This section is from the book "An Illustrated Flora Of The Northern United States, Canada And The British Possessions Vol2", by Nathaniel Lord Britton, Addison Brown. Also available from Amazon: An Illustrated Flora of the Northern United States, Canada and the British Possessions. 3 Volume Set..
A depressed tufted shrub with thick trifoliolate leaves and small white flowers in terminal cymes. Calyx-tube nearly flat. Bractlets, calyx-lobes and petals 5. Petals obovate, rounded, not clawed. Stamens about 20, borne in 3 series near the base of the receptacle; filaments filiform; anthers cordate. Receptacle hemispheric, bearing numerous pistils. Style filiform, lateral. Achenes swollen, villous. Seed amphitropous, ascending. [Greek, from the similarity of this plant to Sibbaldia procumbens.]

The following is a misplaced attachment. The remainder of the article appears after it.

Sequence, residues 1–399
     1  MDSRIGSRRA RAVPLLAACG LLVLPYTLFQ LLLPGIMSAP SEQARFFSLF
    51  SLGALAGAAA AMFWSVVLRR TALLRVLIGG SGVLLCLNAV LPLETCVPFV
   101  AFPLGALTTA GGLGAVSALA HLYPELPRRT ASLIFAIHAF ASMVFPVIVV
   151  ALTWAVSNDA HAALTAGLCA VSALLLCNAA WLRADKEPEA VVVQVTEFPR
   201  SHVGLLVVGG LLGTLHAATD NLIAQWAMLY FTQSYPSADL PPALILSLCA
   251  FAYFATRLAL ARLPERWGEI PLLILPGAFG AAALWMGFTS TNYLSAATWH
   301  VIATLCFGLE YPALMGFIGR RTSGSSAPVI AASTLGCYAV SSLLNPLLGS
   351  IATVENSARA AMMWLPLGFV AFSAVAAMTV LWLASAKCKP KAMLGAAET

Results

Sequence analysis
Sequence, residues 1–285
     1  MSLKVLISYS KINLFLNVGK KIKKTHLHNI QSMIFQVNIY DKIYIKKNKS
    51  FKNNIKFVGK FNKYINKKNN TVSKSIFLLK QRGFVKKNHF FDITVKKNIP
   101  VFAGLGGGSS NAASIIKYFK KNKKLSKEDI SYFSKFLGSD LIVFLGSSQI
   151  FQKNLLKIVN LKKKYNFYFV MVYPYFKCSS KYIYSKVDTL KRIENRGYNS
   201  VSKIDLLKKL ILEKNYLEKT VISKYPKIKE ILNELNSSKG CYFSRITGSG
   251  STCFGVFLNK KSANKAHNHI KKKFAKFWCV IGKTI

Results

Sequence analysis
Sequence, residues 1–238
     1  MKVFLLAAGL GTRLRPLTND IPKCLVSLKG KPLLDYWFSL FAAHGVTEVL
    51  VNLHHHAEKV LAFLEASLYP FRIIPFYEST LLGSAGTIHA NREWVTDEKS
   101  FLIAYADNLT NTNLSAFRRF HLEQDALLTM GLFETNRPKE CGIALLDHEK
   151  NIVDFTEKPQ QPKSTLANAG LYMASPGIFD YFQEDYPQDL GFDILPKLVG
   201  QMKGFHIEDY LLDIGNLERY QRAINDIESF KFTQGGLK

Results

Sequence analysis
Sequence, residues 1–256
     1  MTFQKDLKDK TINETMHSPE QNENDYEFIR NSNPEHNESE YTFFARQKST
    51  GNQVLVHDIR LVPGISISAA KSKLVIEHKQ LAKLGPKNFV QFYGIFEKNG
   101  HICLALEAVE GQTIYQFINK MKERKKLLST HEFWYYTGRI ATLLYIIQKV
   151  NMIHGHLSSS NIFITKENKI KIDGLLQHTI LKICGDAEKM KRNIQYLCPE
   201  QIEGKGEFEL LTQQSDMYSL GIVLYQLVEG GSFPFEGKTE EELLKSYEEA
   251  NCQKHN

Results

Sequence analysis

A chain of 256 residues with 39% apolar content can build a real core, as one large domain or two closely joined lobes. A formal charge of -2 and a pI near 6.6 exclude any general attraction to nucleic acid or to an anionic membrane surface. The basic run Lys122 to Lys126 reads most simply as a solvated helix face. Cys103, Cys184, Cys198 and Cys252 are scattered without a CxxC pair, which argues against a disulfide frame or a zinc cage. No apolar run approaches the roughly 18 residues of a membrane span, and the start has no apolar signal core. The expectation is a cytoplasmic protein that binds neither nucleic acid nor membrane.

A monotypic genus of eastern North America.
Sibbaldiopsis tridentata Rydb. Mem. Dep. Bot. Col. Univ. 2: 187. 1898.
Tufted, woody at the base, much branched, branches erect, 1'-12' high, pubescent with appressed hairs. Stipules lanceolate, entire; leaves mostly petioled, 3-foliolate; leaflets of the lower one oblanceolate, 3-toothed or sometimes 2-5-toothed at the obtuse apex, cuneate at the base, coriaceous, dark green and shining above, pale and minutely pubescent beneath, 1/2'-1' long; upper leaflets linear or oblong, often acute and entire; flowers 1-6, in a terminal cyme, white, 3"-5" broad; bractlets shorter and narrower than the ovate acute calyx-lobes, which are shorter than the obovate-oval petals.
In rocky places, especially on mountains, Greenland to New Jersey, on the higher southern Alleghanies. shores of Lake Superior, and west to Manitoba. Mountain five-finger. June-Aug. Recorded from Scotland, apparently erroneously.